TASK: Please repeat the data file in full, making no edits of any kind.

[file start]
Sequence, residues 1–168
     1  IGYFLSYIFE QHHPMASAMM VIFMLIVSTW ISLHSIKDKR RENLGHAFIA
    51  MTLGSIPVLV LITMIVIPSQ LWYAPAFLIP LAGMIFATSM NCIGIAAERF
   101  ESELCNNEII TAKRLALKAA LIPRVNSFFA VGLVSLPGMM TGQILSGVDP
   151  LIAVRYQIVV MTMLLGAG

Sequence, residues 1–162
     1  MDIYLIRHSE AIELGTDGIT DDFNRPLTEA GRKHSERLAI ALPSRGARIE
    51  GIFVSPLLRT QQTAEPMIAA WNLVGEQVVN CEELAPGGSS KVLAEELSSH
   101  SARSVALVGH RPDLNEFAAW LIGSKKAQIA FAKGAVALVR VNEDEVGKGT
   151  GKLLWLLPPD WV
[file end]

Sequence, residues 1–168
     1  IGYFLSYIFE QHHPMASAMM VIFMLIVSTW ISLHSIKDKR RENLGHAFIA
    51  MTLGSIPVLV LITMIVIPSQ LWYAPAFLIP LAGMIFATSM NCIGIAAERF
   101  ESELCNNEII TAKRLALKAA LIPRVNSFFA VGLVSLPGMM TGQILSGVDP
   151  LIAVRYQIVV MTMLLGAG

Sequence, residues 1–162
     1  MDIYLIRHSE AIELGTDGIT DDFNRPLTEA GRKHSERLAI ALPSRGARIE
    51  GIFVSPLLRT QQTAEPMIAA WNLVGEQVVN CEELAPGGSS KVLAEELSSH
   101  SARSVALVGH RPDLNEFAAW LIGSKKAQIA FAKGAVALVR VNEDEVGKGT
   151  GKLLWLLPPD WV